The article deals with the US policy towards Korean Armistice negotiations during the war on the peninsula (1950–1953). The author analyzes such an important aspect of this problem as Washington's course regarding the irreconcilable position of South Korean President Syngman Rhee who demanded to continue war to a victorious end. The author assesses the perspectives of the «Everready» plan, which was the US scenario for the forced Syngman Rhee’s resignation. This plan was, on the one hand, the most radical and, on the other hand, the fastest and most effective way to solve the Syngman Rhee problem. Like any other force solution, it had two fundamental flaws: it was risky and required significant resources. The research is based on published and unpublished documents of the US State Department, declassified CIA materials, and memoirs. In general, the US administration seriously considered the option of removing the South Korean leader from power, but, at the end of the discussion on the issue, a less risky option was chosen. Syngman Rhee agreed to stop interfering in stabilizing the situation on the peninsula and ceasing hostilities after difficult negotiations and significant US concessions. The South Korean president was able to strengthen the security of his country and to significantly increase own political authority. However, his blackmail was not a complete success. Syngman Rhee never managed to achieve the main goal – Korean unification under his rule. In these circumstances, even after the end of the Korean War, the «Everready» plan did not immediately lose its relevance for the United States authorities.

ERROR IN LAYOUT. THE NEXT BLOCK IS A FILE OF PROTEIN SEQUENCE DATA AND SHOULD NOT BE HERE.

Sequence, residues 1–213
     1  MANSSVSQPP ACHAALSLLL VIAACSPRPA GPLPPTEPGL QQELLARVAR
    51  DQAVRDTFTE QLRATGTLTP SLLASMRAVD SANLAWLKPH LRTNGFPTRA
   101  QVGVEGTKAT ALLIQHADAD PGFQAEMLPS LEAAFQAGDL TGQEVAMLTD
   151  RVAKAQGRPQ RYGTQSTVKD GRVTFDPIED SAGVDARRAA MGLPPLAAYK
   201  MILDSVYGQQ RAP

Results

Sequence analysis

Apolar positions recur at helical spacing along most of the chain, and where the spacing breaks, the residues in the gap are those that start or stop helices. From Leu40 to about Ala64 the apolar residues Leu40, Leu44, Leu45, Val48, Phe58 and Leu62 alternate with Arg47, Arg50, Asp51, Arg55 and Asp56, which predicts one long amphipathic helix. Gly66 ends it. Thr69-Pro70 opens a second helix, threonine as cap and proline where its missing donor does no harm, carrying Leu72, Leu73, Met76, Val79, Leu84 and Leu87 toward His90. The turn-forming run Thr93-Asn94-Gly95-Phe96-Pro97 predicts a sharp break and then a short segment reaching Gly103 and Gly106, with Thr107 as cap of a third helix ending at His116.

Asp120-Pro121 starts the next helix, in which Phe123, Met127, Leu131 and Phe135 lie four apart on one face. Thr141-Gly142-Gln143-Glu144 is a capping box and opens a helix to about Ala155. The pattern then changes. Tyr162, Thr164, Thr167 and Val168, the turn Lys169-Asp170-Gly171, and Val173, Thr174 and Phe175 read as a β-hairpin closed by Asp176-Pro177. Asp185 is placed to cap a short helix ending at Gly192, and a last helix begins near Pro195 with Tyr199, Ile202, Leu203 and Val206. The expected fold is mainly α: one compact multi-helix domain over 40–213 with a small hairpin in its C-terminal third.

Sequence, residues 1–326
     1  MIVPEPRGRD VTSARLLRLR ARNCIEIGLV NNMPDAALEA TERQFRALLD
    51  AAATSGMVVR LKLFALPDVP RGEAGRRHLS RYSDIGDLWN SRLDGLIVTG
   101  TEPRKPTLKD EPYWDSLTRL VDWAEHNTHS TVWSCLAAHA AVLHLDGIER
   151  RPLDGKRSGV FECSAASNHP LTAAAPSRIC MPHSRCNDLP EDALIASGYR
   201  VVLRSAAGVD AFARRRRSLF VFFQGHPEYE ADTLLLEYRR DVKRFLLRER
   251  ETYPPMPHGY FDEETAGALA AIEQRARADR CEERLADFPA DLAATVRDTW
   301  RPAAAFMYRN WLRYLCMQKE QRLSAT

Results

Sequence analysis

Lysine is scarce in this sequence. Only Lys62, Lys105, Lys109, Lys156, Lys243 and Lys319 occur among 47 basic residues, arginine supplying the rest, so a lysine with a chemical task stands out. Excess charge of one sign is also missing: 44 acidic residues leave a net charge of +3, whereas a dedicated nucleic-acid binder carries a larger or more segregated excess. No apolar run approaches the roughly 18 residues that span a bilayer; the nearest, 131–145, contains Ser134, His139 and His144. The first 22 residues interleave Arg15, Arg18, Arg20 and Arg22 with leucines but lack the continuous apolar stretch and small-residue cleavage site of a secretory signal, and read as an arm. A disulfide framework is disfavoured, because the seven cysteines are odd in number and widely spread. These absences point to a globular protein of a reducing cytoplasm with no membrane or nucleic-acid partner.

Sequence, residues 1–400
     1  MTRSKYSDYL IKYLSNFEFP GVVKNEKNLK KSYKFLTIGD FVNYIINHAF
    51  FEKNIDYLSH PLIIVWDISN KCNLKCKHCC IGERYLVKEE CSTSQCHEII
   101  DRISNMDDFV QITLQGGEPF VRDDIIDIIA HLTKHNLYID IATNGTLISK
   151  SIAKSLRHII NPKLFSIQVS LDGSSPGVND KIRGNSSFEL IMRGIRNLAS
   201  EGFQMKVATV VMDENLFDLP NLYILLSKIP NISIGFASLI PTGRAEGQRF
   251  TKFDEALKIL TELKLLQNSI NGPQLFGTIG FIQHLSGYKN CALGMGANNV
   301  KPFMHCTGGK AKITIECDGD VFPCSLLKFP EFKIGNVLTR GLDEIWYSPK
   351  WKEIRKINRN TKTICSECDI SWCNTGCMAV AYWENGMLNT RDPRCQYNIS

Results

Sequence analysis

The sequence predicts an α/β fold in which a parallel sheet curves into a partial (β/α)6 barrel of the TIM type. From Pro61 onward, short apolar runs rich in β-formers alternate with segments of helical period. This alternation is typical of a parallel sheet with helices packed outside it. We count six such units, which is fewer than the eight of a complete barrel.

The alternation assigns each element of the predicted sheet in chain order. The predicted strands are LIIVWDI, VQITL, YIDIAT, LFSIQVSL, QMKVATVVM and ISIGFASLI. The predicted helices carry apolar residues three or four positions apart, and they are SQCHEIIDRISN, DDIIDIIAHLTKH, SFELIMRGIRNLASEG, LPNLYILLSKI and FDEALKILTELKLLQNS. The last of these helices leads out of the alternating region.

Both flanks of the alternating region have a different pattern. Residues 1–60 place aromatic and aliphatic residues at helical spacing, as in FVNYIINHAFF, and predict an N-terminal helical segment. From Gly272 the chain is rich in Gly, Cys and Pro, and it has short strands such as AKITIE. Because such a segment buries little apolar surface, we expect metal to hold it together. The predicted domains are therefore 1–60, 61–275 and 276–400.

Key words: Korea, Syngman Rhee, Eisenhower, coup d'état, the Korean War.